Boston Franklin Place February 11th 1799
J. Sargent Murray, approaches the President of the United States, with every possible sentiment of esteem, and veneration. She endeavours to form an adequate idea, of the distance between the Father of a great Nation, and an obscure individual. Yet, considering herself a member of that Community, over the interests of which, an illustrious, and a philanthropic Chief, presides, she has presumed to petition, and again requests to be instructed, whether it is probable a situation may offer for the friend already introduced, and whose advancement, it is confidently asserted, would be intimately connected with the public good.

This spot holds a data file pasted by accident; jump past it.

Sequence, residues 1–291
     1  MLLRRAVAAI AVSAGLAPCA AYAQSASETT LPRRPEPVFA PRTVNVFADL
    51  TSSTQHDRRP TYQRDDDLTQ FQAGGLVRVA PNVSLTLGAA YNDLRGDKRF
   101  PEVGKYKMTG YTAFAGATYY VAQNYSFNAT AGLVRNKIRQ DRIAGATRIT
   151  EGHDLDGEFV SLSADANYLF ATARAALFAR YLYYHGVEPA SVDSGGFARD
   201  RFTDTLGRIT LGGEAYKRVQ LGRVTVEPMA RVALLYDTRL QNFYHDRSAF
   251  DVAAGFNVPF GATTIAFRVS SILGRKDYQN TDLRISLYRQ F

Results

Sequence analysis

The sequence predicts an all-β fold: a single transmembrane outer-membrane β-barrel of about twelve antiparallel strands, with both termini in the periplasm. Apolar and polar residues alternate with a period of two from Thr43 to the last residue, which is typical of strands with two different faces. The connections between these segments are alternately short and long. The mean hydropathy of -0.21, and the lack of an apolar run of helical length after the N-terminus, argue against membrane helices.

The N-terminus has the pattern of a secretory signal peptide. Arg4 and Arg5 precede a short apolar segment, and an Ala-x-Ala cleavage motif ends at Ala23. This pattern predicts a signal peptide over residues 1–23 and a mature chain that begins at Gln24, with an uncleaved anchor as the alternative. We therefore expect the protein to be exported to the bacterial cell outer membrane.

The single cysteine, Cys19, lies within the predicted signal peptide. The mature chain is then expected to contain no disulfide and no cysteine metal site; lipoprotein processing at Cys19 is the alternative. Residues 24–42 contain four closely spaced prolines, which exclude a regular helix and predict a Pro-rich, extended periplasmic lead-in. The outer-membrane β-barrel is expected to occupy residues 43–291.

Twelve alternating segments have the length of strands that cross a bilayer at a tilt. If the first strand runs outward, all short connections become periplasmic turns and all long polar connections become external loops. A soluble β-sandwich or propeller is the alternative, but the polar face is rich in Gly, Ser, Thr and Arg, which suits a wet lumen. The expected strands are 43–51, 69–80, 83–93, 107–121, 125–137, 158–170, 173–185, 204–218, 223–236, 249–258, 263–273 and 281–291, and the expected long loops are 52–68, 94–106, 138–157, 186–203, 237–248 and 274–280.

Mrs. M—— cherishes no wish to encroach upon those hours, which are so invariably, and usefully appropriated. She indulges not the expectation of a formal answer to her application. The single monosyllable yes, or no, will serve her hopes, or release her from that suspense which is always unpleasant.
Mrs M. takes leave to offer her congratulations, upon the preservation of that life, which is so incalculably precious to the President, and in which every Lover of talents, and of virtue, takes so large a share: she devoutly prays that every domestic blessing, and all attainable celebrity, may gild, and crown the important career, of that august personage, on whose integrity, and firmness, is rested national stability, national honour, and, by consequence, the salvation of the People.
MHi: Adams Papers.